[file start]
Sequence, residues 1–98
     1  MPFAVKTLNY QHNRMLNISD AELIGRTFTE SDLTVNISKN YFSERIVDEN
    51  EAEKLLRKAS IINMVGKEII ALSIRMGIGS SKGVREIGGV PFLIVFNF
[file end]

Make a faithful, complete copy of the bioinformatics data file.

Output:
Sequence, residues 1–98
     1  MPFAVKTLNY QHNRMLNISD AELIGRTFTE SDLTVNISKN YFSERIVDEN
    51  EAEKLLRKAS IINMVGKEII ALSIRMGIGS SKGVREIGGV PFLIVFNF